, which leapt 105%.
Dow Jones Industrial Average
, meanwhile, fell 40.64, or 0.4%, to 10,866.70 after trading as low as 10,789.13.
Overcoming the positing influence of Intel and
was weakness in
In addition to tech favorites, the S&P got a boost from oil service stocks such as
and brokerage names such as
Philadelphia Stock Exchange Oil Service Index
rose 6.1% while the
American Stock Exchange Broker/Dealer Index
rose 18.39, or 3.3%, to 571.18 thanks largely to rebounding biotech names. The
American Stock Exchange Biotech Index
New York Stock Exchange
trading, 1.08 billion shares were exchanged while advancers led declining stocks 1,635 to 1,315. In
Nasdaq Stock Market
action 1.75 billion shares traded while gainers led 2,513 to 1,699. New 52-week highs bested new lows 69 to 36 on the Big Board and by 81 to 74 in over-the-counter trading.
Gambling vs. Investing
The S&P's reaching another record high cheered some Wall Street pros, but many were chagrined at the re-emergence of tech's dominance.
"Yesterday, it almost appeared as if we were returning some normalcy and balance between the old and new
economies," said Ned Riley, chief investment strategist at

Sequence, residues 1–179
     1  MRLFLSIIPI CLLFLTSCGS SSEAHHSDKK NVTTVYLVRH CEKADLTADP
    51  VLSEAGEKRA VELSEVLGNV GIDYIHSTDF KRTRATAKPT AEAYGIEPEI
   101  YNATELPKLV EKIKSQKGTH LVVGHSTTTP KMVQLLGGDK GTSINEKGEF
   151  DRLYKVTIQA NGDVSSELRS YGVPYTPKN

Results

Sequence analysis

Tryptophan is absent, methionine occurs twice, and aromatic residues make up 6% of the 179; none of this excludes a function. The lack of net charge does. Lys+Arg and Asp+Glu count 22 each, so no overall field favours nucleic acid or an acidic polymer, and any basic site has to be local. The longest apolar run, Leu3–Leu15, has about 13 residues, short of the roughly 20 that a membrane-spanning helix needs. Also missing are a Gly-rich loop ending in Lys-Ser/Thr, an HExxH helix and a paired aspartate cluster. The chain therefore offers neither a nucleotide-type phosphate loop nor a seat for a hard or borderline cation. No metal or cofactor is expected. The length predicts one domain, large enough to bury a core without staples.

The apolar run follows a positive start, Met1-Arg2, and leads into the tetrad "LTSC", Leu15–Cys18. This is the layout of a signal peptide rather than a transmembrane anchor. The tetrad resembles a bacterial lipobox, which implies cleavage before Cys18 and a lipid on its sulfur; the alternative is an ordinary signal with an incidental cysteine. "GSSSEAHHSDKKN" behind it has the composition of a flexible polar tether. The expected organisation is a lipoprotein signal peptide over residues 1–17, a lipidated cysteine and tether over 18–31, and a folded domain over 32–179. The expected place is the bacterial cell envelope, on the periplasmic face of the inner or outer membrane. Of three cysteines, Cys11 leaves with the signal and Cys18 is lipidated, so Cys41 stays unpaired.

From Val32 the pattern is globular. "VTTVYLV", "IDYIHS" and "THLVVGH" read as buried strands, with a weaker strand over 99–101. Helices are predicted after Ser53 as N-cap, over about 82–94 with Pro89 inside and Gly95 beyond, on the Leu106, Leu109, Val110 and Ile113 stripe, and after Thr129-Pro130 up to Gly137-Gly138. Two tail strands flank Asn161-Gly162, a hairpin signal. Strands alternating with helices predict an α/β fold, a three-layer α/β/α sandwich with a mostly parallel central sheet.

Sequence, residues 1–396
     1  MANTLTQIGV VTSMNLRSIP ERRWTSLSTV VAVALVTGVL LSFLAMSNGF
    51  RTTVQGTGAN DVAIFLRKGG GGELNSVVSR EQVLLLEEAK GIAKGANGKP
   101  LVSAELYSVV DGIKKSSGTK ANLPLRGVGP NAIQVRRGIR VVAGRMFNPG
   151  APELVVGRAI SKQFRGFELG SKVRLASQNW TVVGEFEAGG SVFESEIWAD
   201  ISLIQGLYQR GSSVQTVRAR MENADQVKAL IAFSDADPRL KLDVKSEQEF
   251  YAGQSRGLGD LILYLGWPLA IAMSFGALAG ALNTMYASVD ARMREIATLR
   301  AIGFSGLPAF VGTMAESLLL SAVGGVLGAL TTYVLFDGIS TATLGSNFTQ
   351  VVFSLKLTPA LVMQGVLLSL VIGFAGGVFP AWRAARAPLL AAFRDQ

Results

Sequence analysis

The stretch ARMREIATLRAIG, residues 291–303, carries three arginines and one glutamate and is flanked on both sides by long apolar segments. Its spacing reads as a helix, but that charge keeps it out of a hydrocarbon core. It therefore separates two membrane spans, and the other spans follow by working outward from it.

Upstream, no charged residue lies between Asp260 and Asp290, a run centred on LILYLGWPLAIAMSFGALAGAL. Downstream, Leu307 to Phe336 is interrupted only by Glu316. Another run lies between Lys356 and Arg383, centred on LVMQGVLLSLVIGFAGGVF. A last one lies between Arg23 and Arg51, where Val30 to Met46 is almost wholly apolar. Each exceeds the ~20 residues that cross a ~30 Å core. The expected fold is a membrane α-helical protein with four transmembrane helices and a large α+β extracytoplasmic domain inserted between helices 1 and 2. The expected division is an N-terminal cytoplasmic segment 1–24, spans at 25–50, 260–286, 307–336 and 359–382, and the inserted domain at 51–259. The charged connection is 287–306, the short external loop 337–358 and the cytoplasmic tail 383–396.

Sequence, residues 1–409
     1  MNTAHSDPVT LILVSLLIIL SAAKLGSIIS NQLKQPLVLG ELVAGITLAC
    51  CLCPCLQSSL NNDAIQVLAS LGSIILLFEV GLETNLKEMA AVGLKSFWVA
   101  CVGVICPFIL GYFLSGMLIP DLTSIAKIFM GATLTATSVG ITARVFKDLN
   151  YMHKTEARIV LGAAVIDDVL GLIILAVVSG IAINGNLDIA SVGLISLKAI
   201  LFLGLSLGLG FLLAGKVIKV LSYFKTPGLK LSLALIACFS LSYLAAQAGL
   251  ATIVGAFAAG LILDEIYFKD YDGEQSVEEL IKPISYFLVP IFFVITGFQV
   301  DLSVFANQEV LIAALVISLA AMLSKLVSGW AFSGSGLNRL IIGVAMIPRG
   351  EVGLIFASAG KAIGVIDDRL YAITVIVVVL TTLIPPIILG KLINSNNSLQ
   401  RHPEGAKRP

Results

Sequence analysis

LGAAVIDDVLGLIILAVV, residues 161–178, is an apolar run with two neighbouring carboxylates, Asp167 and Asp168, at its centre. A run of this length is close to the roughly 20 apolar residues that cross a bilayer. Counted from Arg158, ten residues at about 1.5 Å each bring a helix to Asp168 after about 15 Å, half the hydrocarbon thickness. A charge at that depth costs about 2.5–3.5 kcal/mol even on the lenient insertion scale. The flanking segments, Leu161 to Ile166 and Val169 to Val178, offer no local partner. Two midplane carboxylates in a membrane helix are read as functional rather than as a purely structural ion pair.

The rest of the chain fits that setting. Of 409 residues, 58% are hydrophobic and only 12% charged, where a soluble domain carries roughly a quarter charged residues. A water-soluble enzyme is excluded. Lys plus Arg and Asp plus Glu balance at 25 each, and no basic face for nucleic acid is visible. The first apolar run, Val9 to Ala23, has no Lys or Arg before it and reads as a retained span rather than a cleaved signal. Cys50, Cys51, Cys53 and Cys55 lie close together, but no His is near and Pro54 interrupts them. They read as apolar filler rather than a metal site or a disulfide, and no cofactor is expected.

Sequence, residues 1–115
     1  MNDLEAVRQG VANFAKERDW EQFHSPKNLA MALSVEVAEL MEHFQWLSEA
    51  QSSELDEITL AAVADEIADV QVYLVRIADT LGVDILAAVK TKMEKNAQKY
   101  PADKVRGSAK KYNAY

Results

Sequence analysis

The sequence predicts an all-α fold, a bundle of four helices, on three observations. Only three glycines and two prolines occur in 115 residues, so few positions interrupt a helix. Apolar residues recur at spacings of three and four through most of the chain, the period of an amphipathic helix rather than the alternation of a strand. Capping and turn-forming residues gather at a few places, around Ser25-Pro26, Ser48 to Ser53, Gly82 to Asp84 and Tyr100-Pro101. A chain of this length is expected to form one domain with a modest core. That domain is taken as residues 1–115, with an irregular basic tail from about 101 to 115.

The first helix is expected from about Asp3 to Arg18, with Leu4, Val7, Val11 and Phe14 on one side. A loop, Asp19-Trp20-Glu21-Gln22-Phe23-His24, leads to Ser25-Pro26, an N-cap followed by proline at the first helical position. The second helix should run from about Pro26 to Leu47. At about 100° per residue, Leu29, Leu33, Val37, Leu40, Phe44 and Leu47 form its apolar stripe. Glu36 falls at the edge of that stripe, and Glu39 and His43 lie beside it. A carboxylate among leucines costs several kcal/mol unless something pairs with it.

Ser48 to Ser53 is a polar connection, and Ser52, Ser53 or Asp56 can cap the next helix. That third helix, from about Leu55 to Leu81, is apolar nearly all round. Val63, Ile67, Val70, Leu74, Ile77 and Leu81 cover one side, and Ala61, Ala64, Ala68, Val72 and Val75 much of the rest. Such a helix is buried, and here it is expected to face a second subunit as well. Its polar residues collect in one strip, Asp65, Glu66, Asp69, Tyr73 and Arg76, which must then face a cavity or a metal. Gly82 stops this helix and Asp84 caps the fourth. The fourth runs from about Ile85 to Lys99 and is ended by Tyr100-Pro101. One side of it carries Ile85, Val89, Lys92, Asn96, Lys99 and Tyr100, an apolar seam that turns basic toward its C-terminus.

State Street Global Advisors
. "Today's leadership split again reinforces the notion that the short-term investor/trader is starting to dominate again. The kind of volatility we're seeing in stocks like Rambus brings home the point that a lot of that speculation is still extremely strong within the Nasdaq."
Gains by the likes of Rambus and Vignette, along with recently battered names such as
Protein Design Labs
, suggest there's a "gambling instinct vs. an investing instinct," Riley said.
Some market watchers suggested investors were cautious ahead of the Fed's meeting yesterday and were thus emboldened today after the central bank did nothing shocking (like hiking rates by 50 basis points).
Riley agreed -- in theory -- but the Fed's refusal to address the margin requirement issue is the main reason why the "mania is still prevailing in the Nasdaq," he said. "If
the mania continues, it will work to the detriment of some Old Economy stocks that have had this small window of opportunity."
Among other indices, the
Dow Jones Transportation Average
fell 16.16, or 0.6%, to 2651.65; the
Dow Jones Utility Average
slid 2.65, or 0.9%, to 287.01; and the
American Stock Exchange Composite Index